By Jack Spencer
By Michael Madden
By Reed Fischer
By Emily Weiss
By Emily Weiss
By Zach McCormick
By Jeff Gage
By Reed Fischer
Gettin' jiggy for whitey. In his The Birth of Bebop, jazz historian Scott DeVeaux calls it the art of versatility: "a mask that could be worn to deflect white hostility." Jazz luminary Lionel Hampton called it "a long, honorable tradition of clowning in black performance." In Hampton's day it meant taking the Sambo myth and putting it on the swing shift. Since then it has informed the genius of countless performers, from Dizzy Gillespie to Busta Rhymes, and has given white America an image of the Afro-American entertainer as, in the words of pianist Teddy Wilson, "a clown, a buffoon, an illiterate, happy person who jammed all day." Of course, in doing so, it has also helped "Negro America" relieve what Wilson called the "white world" of rime upon rime of its disposable income.
And it's finally been co-opted--by idiots. The Insane Clown Posse--white rappers in whiteface who've just gone gold with their third album, The Great Milenko--have stumbled into becoming one of the first white acts ever to get mileage out of what had previously been a definitive form of black expression. Dreadlocked (à la Busta), self-consciously cray-Z (à la Cypress Hill), and steeped in a horror-flick semiology not unlike the Wu-Tang's kung fu shtick, the Clowns--Violent J and Shaggy 2 Dope--are, on paper, the worst kind of marketing gimmick. And the papers are what they make.
If Vanilla Ice and Kiss had a bastard spawn, raised him on 2 Live Crew, and sold him to a white, teen, lower-middle-class demographic whose ideal rap is Gallagher doing "No Sleep Till Brooklyn," he wouldn't be any less offensive than ICP's gangsta glop. Milenko existed for only six hours before its "inappropriate material" was recalled by weak-willed Hollywood Records because of pressure placed on the label's parent company, Disney, by the American Family Association. And still enough copies lingered in stores for the banned record to reach No. 63 on Billboard's Top 200 before surfacing again on Island.
But if you've got them pegged as (yawn) an amalgam of Mötley Crüe and 2 Live Crew, then try again. They're wigger minstrels: the ICP don whiteface, allowing their virtually all-white audience to laugh, both at the Clowns themselves and the angst that comes with being young, male, white, and too unworldly to know how to make sense of their own teen alienation. "Yeah bitch/It's all about clown loves!" they bellow. Promoting oneness among "juggalos" (that's juggle + gigolo), they invite their confused constituency to embrace the "wigger" epithet it's been saddled with, not unlike the gangsta rappers who turned "nigger" into "nigga" 10 years back. What the New York Dolls (and later Kiss) did for early-'70s gender-transgressives, the ICP do for white kids marginalized by both the Beasties' good taste and Semisonic's sensitivity. And the margins are full: Tonight the Clowns are headlining at the 5,000-seat Roy Wilkins Auditorium.
Really, what's a better way to deal with your teenage identity pathos than to smother it in cheap war paint and jacked street mythos? On Forgotten Freshness (a just-out collection of outtakes), every gangsta cliché is inflated. Originally born as the Inner City Posse, the Detroit duo trumpet gangland roots, and shower each oh-so-suspecting audience (à la Gallagher) with 600 liters of a low-grade "poor man's pop" called Faygo soda, reportedly to remind the kids of ICP's "poverty-stricken background."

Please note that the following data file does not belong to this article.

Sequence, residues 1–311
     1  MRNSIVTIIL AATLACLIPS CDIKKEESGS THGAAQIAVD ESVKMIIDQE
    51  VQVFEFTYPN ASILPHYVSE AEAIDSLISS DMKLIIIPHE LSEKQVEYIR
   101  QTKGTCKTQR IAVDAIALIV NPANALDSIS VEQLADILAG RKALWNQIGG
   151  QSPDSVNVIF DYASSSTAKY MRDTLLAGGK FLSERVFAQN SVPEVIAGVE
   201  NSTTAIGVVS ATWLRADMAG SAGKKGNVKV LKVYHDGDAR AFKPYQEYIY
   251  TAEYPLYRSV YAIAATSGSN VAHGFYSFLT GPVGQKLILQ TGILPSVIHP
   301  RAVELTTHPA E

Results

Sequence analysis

As carnival goes, this makes the Illinois State Fair look like Twelfth Night in the park. In being so plainly weird, the ICP send the whole wigger phenomenon flying through circus hoops. The term wiggeris as ingrained in the culture as hippie, used by everyone from the classist echelons of the hipoisie to the racists who deploy it to differentiate themselves from their black-identifying friends, neighbors, and younger siblings. Americans are so aware of it they're ready to see it sent up and/or properly manipulated by a trustworthy honky like Warren Beatty in Bulworth.
Set against Warren B's white negro and rapper/producer Warren G's liberal ego-massaging, the Clowns' carnivalism keeps it real like O'Neal. These are kids from disheveled Detroit--whether the inner city stuff is crap or not, they're entitled to as much contempt for the Man as Silk the Shocker. This can lead to some good old class-based contempt: "Anyone who gets killed on an Insane Clown Posse album is either a racist or a rich guy," says Violent J. Their catchiest tune, "Willy Bubba," is about a grade-school beatdown on a racist hick.
You also get a shared sense of alienation between consumer and consumed. These are, after all, clowns, figures to be simultaneously feared and laughed at. By being as loutish to the world at large as the mass of misfits who make up its fan base are to the female species, they're soldiers in the same struggle.
"Are you prepared to feast your eyes on visions of mayhem accompanied by the merriment of zombies, ghouls, and freaks?" asks a press release announcing ICP's current tour. Freaks indeed. Come one. Come all.
It's at this point that ICP invite in a different tradition--punk tradition. "I don't wanna be a pinhead no more/I just met a girl that I could go for," sang another Dolls-inspired cartoon-band, the Ramones, 20 years ago. The pinhead image, a reference to the carny mutants in the 1932 cult film Freaks--who band together to take vengeance on an insensitive trapeze star--helped sculpt not only the angry 'n' ugly punk rocker but the pinhead minions he played for. But for all its racket and reek, punk was sexy--still is, even as it wanes. One sniff of the sweet waft of hidden culture, and even the pretty girls start kicking around the funhouse.